The malfunction flag may, of course, be set in response to other conditions. FIG. 32 shows an arrangement for detecting one type of malfunction which could present problems, especially in arrangements in which a metering switch is at a distance from an AMR or is otherwise so arranged that there is an exposed connecting wire which might be cut by a customer or which might accidentally become severed so as to be continuously opened or shorted so as to be continuously closed. As shown, a resistor 290 is connected in series with a meter switch 291 and a secondresistor 292 is connected in parallel with the series combination of resistor 290 and switch 291. The combination of resistors 290 and 292 and the switch 291 is connected through lead wires 293 and 294 to terminals 295 and 296 of metering circuits of an AMR which includes comparator and de-bounce circuitry 298 supplied with an operating voltage from an output terminal 299 of a strobe circuit 300. Terminal 299 is connected through a resistor 301 to the terminal 295. The comparator and de-bounce circuit 298has an output terminal 303 which may be connected to a meter pulse accumulator counter and an output terminal 304 which provides a malfunction output indication and which may be connected to a buffer stageof a status register. The strobe circuit 300 operates periodically to briefly apply an operating voltage at terminal 299 so as to develop a certain voltage at terminal 295 which is dependent upon the condition of the switch 291 and the connecting wires 293 and 294. At the same time, comparator circuitry is operated. If the switch 291 is operating properly,certain voltages will be developed at the input of the circuit 298 dependent upon the condition of the switch 291. If, however, the wires 293and 294 are shorted together, a lower resistance is developed at all times or, if one of the other of the connecting wires 293 or 294 is open, a higher than normal voltage will be developed at the input of the circuit 298. In either case, circuit 298 develops a malfunction indication at the terminal 304. Circuitry 298 also responds to normal closures of the switch291 to develop de-bounced output pulses at the terminal 303 for applicationto a meter pulse accumulator counter. This circuit arrangement minimizes power consumption.

Referring to FIG. 33, reference numeral 310 generally designates another preferred embodiment of an automatic meter reader or "AMR" constructed in accordance with the principles of the invention. The AMR 310 comprises circuitry which is shown as block 311 in FIG. 33 and which, as shown in more detail in FIG. 35, includes a microprocessor 312, logic circuits 314,a program memory 315, a non-volatile memory 316, a pre-settable counter 317, a binary counter 318 and a low battery detector circuit 319. As described herinafter in connection with FIG. 35, the logic circuits 314 may be in the form of a gate array, embodying a number of the circuits of the AMR 15 as shown in FIGS. 2-12 to produce the same general mode of operation.

The AMR 310 of FIGS. 33-35 is similar to the AMR 280 of FIG. 30 in that circuits 314 are incorporated in an electronically programmable logic device or "EPLD", similar to a gate array. However, it differs therefrom as well as from the AMR 15 of the embodiment of FIGS. 2-12 in the inclusion of a demand signal detector circuit 320, and in use of modified ciruits including a telephone interface circuit 321, a power supply circuit 322 and a modem circuit 323. With the circuit 320 and the combination thereof with the modified ciruits 321-323 a number of advantages are obtained, including reduced power consumption, simplicity, reliability, protection against transient voltage spikes on the telephone line and avoidance of interference with a subscriber's use of his telephone line.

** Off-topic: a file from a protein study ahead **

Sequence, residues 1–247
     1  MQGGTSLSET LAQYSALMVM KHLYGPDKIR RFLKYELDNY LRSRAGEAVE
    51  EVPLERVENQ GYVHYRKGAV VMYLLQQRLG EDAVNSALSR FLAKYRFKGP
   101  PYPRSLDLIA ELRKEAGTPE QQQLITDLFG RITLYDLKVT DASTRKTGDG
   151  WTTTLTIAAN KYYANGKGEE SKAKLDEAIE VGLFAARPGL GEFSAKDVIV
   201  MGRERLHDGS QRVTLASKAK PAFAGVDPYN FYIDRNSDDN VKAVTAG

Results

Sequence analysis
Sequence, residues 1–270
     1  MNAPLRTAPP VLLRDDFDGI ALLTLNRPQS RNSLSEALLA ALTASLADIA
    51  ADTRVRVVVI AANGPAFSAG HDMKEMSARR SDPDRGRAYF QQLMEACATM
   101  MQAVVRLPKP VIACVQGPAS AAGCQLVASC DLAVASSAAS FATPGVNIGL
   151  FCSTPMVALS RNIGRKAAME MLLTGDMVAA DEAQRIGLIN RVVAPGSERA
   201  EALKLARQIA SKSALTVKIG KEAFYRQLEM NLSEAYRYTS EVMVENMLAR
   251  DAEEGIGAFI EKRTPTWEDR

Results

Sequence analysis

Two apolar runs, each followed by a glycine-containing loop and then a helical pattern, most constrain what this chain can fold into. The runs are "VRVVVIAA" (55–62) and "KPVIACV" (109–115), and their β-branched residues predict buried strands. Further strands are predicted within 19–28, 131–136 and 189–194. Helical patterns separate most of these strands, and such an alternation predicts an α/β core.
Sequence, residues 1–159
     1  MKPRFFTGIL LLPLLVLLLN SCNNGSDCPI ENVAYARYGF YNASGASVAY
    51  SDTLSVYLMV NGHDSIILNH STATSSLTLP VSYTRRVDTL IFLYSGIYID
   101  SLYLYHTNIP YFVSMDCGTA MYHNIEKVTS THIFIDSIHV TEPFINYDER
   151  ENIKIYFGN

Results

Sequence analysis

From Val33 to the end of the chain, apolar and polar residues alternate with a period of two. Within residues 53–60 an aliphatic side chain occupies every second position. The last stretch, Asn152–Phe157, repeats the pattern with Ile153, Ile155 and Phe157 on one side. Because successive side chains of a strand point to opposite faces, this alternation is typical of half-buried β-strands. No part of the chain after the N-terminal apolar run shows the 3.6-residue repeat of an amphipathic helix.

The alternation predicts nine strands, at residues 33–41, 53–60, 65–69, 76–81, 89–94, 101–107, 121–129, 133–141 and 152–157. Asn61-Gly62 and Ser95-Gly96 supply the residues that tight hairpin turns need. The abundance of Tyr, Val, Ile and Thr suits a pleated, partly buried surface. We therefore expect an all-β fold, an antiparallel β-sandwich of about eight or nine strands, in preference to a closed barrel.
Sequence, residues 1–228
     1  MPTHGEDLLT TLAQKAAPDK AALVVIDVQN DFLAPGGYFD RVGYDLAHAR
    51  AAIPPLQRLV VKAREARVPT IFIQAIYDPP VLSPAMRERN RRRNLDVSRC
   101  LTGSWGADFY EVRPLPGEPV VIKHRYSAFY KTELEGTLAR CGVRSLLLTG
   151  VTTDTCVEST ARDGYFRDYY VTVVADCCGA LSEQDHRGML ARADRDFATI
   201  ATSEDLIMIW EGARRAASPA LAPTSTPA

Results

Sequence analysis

The demand signal detector circuit 320 is operative at all times but has extremely low current consumption. It includes a frequency discriminator circuit 324 which is coupled to the telephone line to detect a demand signal of a certain form, for example, a tone burst having a frequency of 2800 Hz and a duration of 4.5 seconds. Such a signal may be sent from the CCM 12 to initiate a demand call sequence, as when initially setting up a AMR or when changing the service at a particular location from one customer to another. When the demand signal is detected, the circuit 324 develops a signal on a "PHONE" terminal 325 which is connected to power control circuitry to initiate a microprocessor power-up operation. The interface circuit 321 is then supplied with an off-hook signal at "OFFHK" terminal 326 to operate hook switch circuitry thereof and to connect the modem circuit 323 to the telephone line. The operation thereafter is similar to that of the AMR 15 as above-described, the modem circuit 323 being controlled to establish communcations with the CCM and to transmit and receive data.

The interface circuit 321 does not provide direct coupling between the lineand the modem circuit 323 but uses an isolation transformer 327 of a standard type having a primary winding 328 coupled to telephone line terminals 329 and 330 and having a secondary winding 332 coupled to the demand signal detecting circuit 320 and modem circuit 323. A pair of voltage protection diodes 333 are connected across the secondary winding 332 and another pair of voltage protection diodes 334 are connected between the telephone line terminals 329 and 330. Terminal 329 is connected directly to one end of the primary winding 328 and terminal 330 is connectable to the other end of the primary winding 328 through contacts 335 and 336 of a hook relay 337. A coil 338 of relay 337 is connected between a battery terminal, indicated as "+VB", and the collector of a transistor 340 which has an emitter connected to ground anda base connected through a resistor 341 to the "OFFHK" terminal 326. When the processor circuitry applies a positive voltage to terminal 326, the transistor conducts to energize the relay 337 and connect the primary winding 328 of transformer 327 to the telephone line terminals 329 and 330, thereby effecting a change from an "on-hook" condition to an "off-hook" condition in which the modem circuit is coupled to the telephone line but with DC isolation and with the voltage protection provided by the two pairs of diodes 333 and 334.